Federal Court Invalidates One-Sided Vessel
Mary McKenna, 2011 J.D. Candidate, Univ. of Mississippi School of Law
Following the April 20, 2010 Deepwater Horizon drilling rig explosion and resulting oil spill, British Petroleum (BP) offered fishermen, shrimpers and oystermen (collectively fishermen) in Louisiana payment to voluntarily participate in oil spill clean-up and mitigation efforts. BP, however, required that the volunteer fishermen sign a Master Vessel Charter Agreement (the Agreement) before it allowed the fishermen to provide the emergency clean-up services. The Agreement contained several provisions that compromised the fishermen’s existing and future rights and potential legal claims against BP and its affiliated entities.
Fisherman George Barisich sought emergency relief from a federal court to stop BP from forcing volunteer fishermen to enter into an agreement that limited their claims against BP. After an emergency hearing, the U.S. District Court for the Eastern District of Louisiana ruled that the language of certain provisions of the Agreement was overbroad, after which BP agreed to enter into a stipulated judgment that deleted those provisions from the Agreement, making them null and void.1 The court also enjoined BP from seeking to enforce any such agreements already executed.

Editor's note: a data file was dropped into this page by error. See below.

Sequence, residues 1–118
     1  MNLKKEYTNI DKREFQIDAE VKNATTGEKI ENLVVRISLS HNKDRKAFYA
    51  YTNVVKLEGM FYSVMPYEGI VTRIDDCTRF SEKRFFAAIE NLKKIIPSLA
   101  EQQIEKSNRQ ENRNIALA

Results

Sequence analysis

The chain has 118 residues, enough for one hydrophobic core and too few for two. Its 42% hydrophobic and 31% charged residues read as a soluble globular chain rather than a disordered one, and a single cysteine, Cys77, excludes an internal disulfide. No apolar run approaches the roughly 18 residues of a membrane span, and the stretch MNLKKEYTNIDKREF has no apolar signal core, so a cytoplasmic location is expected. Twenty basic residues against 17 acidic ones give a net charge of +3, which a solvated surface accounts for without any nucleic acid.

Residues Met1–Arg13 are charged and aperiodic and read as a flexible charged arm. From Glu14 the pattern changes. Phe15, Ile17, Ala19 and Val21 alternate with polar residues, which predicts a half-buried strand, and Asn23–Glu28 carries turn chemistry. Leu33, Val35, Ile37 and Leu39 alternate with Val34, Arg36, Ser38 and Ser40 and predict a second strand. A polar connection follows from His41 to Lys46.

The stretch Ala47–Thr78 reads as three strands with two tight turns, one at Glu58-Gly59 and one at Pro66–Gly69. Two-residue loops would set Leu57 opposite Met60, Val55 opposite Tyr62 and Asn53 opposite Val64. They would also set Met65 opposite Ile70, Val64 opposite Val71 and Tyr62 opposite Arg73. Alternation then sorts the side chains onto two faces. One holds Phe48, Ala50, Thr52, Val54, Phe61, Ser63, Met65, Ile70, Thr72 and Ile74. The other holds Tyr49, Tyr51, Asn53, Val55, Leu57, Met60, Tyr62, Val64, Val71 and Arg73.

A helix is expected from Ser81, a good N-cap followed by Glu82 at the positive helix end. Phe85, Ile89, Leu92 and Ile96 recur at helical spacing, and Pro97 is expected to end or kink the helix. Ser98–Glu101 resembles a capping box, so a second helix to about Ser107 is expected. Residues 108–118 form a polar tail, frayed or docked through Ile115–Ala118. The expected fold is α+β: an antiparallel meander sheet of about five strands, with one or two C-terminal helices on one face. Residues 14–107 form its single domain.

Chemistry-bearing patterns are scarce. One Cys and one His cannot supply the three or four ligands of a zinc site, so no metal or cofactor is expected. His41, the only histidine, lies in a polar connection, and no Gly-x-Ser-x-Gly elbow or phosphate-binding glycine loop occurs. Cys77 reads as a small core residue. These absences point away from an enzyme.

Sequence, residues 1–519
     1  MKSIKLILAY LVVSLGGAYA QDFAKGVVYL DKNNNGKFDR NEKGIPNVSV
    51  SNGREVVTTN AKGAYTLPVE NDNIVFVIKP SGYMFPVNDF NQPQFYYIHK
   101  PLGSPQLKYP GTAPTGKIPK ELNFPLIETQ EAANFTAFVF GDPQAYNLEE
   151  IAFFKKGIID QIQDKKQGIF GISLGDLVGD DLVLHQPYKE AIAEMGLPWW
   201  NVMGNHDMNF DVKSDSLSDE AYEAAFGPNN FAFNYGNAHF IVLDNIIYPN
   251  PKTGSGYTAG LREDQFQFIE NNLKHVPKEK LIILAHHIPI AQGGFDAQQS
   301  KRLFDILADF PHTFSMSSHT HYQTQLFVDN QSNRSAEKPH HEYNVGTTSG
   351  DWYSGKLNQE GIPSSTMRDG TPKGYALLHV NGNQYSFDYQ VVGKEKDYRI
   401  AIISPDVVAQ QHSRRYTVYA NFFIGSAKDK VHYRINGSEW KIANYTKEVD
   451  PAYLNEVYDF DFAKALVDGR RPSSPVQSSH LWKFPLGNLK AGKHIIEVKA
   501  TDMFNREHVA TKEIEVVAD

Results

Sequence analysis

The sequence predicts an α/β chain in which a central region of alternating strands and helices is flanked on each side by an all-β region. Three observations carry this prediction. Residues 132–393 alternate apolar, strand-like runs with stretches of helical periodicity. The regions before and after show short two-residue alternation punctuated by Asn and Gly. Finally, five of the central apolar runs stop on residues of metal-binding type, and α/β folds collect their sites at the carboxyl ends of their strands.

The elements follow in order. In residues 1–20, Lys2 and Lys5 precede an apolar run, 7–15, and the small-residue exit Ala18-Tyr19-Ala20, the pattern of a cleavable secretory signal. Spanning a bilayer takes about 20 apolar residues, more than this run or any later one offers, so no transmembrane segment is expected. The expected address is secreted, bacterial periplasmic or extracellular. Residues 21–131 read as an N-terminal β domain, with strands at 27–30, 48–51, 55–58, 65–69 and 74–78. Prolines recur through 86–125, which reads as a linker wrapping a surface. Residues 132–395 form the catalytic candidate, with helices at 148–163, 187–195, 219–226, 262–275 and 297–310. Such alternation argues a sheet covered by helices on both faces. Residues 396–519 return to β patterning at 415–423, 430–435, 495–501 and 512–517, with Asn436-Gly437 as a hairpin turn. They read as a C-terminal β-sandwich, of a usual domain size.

On May 2, 2010, Barisich filed an Emergency Motion for Temporary Restraining Order (Motion for TRO) with the U.S. District Court for the Eastern District of Louisiana seeking a judgment (1) enjoining BP from requiring that he and others sign the Agreement before assisting in clean-up efforts, and (2) declaring the Agreement unconscionable and that any such Agreements already executed be null and void, and/or enjoining BP from seeking to enforce any such Agreements already signed.2